“Why wouldn’t they? Those black motes that floated around him when he changed looked like sparks of some kind, which is energy.” I muted the TV and rolled over so I could look up at him, and so he’d have better access to my fingers and any other parts of me he might want to reach, wanting to touch him, wanting him to touch me. I slid my other hand up his arm, his skin warm against my palm. “When the man became a black were-leopard, the cat looked big enough to weigh one eighty.”

“So if a fat guy got turned into a were, he’d be a fat were?”

I laughed at the mental image of a pudgy black leopard, rolls of fat undulating as he walked. Beast showed fangs, not amused. “No. Remember, that Micheika guy said the caloric requirements of shifting were enormous.”

“So fat people could get bitten by a were and lose weight every time the moon was full.”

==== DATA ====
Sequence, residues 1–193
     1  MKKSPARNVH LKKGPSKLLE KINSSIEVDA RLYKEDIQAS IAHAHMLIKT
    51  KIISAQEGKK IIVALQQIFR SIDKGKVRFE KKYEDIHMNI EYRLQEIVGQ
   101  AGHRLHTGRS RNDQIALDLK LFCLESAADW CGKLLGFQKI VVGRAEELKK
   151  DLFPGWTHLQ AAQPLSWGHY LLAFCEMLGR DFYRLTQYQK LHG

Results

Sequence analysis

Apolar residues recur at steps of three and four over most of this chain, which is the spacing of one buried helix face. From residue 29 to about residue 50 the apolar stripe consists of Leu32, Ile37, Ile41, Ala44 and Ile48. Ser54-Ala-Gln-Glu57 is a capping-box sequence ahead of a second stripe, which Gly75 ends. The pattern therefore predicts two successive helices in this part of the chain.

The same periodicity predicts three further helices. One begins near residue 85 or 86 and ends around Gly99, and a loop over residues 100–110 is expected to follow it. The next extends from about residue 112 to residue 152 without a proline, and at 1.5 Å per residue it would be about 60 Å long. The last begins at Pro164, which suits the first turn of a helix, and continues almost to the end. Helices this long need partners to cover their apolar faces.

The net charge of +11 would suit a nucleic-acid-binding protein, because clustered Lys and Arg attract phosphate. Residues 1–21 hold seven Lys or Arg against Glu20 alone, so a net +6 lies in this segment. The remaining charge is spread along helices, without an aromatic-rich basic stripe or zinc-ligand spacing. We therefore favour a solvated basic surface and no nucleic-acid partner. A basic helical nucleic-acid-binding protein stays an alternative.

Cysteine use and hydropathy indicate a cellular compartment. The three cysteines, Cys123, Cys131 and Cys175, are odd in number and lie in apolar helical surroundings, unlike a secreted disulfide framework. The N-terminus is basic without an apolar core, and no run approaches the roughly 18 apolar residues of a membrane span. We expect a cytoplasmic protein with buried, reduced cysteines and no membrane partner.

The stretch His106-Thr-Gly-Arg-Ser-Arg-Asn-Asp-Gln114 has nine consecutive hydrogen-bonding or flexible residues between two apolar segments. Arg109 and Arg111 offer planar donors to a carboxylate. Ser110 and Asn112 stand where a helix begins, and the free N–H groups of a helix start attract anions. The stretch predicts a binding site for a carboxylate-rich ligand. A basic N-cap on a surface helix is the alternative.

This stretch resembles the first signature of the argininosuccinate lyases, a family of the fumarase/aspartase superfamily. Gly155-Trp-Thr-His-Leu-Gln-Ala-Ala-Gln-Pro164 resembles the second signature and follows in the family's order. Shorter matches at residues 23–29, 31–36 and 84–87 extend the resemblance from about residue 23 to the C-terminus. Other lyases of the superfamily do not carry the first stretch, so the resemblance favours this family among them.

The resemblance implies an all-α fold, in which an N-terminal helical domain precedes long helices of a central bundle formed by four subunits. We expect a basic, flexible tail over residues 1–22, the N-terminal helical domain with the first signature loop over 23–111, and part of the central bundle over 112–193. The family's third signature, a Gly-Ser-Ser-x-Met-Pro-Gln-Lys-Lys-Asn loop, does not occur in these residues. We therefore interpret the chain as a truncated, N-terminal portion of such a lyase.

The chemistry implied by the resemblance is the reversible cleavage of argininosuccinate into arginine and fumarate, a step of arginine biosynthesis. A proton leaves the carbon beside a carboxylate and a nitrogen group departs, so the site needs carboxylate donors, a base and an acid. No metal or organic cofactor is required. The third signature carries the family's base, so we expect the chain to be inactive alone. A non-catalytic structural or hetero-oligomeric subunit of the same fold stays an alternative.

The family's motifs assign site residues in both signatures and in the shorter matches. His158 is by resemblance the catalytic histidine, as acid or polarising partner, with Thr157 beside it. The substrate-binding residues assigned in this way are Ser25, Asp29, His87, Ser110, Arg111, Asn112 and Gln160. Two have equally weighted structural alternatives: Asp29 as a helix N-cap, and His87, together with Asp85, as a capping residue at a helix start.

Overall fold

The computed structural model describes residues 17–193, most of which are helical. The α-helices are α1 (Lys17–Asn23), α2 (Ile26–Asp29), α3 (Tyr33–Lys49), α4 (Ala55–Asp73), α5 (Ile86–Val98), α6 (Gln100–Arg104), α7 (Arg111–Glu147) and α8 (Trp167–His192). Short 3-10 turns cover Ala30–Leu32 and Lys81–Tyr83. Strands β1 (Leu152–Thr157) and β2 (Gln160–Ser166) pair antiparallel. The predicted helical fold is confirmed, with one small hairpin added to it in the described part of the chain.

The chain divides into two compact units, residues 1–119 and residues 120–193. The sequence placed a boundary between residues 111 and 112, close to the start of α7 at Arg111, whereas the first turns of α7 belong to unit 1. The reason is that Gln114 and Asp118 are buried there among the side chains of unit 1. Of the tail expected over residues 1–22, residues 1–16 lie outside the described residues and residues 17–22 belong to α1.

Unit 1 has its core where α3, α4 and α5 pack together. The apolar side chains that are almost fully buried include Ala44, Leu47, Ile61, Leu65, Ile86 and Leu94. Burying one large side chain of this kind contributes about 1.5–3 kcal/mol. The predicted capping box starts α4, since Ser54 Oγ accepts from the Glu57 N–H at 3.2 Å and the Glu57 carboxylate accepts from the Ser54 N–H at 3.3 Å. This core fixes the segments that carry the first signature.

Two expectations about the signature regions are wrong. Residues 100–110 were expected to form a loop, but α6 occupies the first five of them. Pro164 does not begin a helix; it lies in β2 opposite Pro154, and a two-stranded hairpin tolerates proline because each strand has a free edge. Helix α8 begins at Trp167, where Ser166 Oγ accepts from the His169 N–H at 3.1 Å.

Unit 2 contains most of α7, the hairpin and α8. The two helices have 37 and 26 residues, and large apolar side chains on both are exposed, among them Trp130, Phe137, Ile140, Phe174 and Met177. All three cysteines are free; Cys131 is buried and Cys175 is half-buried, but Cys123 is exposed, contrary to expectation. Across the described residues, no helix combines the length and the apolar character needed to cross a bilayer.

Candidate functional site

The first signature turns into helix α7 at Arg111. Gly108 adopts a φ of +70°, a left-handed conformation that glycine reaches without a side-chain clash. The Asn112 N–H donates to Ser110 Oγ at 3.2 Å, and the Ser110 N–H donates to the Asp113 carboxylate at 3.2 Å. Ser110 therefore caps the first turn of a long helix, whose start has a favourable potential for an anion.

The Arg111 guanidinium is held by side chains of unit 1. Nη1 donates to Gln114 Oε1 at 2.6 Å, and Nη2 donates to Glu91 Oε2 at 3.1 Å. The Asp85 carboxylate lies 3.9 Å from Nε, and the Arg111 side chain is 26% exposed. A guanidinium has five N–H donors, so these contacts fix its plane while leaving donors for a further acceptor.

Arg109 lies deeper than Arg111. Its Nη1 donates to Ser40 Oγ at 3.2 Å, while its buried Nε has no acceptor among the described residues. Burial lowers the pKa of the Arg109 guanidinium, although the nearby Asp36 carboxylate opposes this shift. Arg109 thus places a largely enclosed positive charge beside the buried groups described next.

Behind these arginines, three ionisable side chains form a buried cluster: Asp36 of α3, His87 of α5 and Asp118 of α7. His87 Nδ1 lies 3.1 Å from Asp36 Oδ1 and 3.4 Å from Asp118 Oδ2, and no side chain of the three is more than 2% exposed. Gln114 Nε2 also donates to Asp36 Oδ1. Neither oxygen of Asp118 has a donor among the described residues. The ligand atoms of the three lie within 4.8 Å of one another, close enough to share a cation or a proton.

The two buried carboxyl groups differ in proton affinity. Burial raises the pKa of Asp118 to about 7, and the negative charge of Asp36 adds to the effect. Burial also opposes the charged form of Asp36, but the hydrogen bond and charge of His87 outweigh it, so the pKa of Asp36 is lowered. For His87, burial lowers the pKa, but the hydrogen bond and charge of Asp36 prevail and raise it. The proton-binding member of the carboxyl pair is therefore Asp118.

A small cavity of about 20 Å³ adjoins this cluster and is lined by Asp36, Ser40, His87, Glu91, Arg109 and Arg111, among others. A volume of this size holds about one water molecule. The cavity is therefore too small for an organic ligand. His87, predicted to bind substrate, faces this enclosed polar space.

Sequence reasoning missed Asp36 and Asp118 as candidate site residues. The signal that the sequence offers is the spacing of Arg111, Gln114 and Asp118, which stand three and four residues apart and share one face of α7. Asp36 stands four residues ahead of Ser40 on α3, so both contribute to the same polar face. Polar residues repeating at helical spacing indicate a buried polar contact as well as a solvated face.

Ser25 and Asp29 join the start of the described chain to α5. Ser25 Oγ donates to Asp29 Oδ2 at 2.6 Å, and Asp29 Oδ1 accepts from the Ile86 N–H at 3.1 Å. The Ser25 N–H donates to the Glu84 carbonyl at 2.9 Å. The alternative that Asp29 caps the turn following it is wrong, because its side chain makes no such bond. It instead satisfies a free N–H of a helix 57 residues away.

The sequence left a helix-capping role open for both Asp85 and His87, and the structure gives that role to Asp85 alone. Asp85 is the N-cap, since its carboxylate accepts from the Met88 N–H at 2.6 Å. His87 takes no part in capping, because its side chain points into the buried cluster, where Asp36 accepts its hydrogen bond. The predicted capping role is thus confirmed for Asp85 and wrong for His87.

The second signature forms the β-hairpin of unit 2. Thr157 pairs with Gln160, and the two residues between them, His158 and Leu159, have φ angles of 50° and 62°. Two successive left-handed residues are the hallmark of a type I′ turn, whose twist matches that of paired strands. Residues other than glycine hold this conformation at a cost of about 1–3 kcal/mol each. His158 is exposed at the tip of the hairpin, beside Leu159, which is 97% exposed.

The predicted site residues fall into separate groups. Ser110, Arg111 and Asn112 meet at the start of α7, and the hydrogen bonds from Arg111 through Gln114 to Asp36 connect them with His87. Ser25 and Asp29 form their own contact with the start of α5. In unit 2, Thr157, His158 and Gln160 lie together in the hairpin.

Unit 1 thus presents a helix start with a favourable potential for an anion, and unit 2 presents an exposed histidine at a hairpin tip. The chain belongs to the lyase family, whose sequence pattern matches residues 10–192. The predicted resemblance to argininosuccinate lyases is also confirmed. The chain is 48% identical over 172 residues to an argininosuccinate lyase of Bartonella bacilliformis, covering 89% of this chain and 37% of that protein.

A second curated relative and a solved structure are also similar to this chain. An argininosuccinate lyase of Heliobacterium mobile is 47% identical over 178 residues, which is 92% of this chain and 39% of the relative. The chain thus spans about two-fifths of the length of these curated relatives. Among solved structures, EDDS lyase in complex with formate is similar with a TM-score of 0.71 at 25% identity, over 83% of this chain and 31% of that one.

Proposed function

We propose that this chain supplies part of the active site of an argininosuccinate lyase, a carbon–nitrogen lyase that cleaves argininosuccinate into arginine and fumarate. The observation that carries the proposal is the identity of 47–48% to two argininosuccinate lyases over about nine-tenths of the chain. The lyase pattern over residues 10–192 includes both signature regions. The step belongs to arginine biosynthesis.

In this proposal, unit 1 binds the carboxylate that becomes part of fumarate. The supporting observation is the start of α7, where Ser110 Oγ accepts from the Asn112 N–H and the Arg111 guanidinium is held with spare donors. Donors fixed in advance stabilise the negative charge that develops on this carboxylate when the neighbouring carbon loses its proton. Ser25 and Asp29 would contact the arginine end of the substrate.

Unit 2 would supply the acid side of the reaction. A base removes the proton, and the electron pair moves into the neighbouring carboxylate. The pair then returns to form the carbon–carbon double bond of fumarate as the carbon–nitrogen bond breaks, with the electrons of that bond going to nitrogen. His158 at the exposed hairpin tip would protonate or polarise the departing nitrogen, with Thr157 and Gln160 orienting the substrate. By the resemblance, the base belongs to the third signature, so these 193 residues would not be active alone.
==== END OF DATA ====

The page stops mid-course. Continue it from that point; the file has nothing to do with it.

“You’re a funny guy. Funny, funny guy.” But the mundane dull chitchat and the texture of his skin had relaxed me. “They get killed for biting a human. Not a good way to promote weight loss.”

“There is that. And they go furry once a month. Hard to hold down a job with that.” Rick returned his attention to the TV and switched between news channels to stop on CNN again, where they were playing an early morning telephone interview with a Texas senator named Jones about the “problem with the supernatural creatures in our midst,” as he put it. Jones, his speech pattern stolen from small- town Southern Baptist preachers, said, “In species that live for cent-u-ries instead of decades, of what use are sta-tutes of lim-i-ta-tion? And, how long is a life sentence for vampires, who live decades longer than real humans? How will we deal with the cost to the prison system in terms of prison cells that will be occupied for cent-u-ries? In terms of feeding the bloodsuckers? Keeping them safe from the sun? In terms of the confine-ment require-ments to hold a creature that is so much stronger than humans. How do we control the foul things?”